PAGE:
Making a decision about your pregnancy
Health Provider Resources
About Abortion Methods
The first step to making an informed decision concerning the outcome of your pregnancy is to make sure you are pregnant. See a health care provider for a pregnancy test, a physical examination, and possibly an ultrasound procedure to accurately determine how far along you are. The stage of pregnancy will affect pregnancy decisions. If you decide on abortion, the stage of pregnancy will affect the method your doctor uses to terminate your pregnancy.
A careful assessment of your health history may also reveal information important to your decision-making about abortion. For example, are you in good health now? What is your blood type? Do you have an illness or condition, such as diabetes or high blood pressure, which would complicate a pregnancy? Is there a genetic family trait that could affect your fetus? Has the fetus been exposed to toxic substances like alcohol or "street drugs" that can cause damage? Is this pregnancy the result of rape or incest? And, it is vitally important to know what your options are for this pregnancy: adoption, abortion, or continuing the pregnancy and parenting a child.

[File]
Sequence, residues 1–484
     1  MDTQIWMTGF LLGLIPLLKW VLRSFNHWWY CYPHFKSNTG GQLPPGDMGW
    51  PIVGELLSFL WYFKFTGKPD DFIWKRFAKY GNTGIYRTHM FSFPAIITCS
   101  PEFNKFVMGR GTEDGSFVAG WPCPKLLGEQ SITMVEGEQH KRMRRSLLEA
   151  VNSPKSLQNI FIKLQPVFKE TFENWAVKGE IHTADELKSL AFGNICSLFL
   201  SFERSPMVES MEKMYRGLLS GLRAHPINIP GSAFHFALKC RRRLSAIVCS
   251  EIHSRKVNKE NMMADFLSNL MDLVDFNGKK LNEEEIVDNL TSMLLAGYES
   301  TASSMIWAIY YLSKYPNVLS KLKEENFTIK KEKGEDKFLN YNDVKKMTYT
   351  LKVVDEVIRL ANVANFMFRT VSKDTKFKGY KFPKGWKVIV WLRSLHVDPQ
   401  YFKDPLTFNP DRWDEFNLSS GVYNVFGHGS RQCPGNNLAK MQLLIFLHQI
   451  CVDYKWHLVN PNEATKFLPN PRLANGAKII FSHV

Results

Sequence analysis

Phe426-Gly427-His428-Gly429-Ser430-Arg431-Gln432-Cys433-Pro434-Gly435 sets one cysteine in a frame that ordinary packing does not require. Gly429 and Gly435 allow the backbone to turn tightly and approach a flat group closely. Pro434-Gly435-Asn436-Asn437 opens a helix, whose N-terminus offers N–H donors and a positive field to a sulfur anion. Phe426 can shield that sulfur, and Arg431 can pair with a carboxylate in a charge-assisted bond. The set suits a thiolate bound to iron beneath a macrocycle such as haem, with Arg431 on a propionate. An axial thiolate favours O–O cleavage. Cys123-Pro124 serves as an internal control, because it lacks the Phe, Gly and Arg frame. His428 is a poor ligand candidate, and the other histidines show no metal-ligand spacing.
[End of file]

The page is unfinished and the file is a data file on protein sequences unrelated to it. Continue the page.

Prior to any abortion procedure, it is important to make sure that the
pregnancy is in the uterus. Generally speaking, the earlier in pregnancy an abortion is performed the safer it is for the woman. The risk for complications increases with advancing fetal age. According to year 2000 data from the Centers for Disease Control and Prevention (CDC), the overall risk of dying as a direct result of a legal abortion in the U.S. is less than 1 per 100,000 procedures.
Some of the risks and possible complications of different abortion procedures are listed in the next section. More descriptive comments can be found at the end of this section.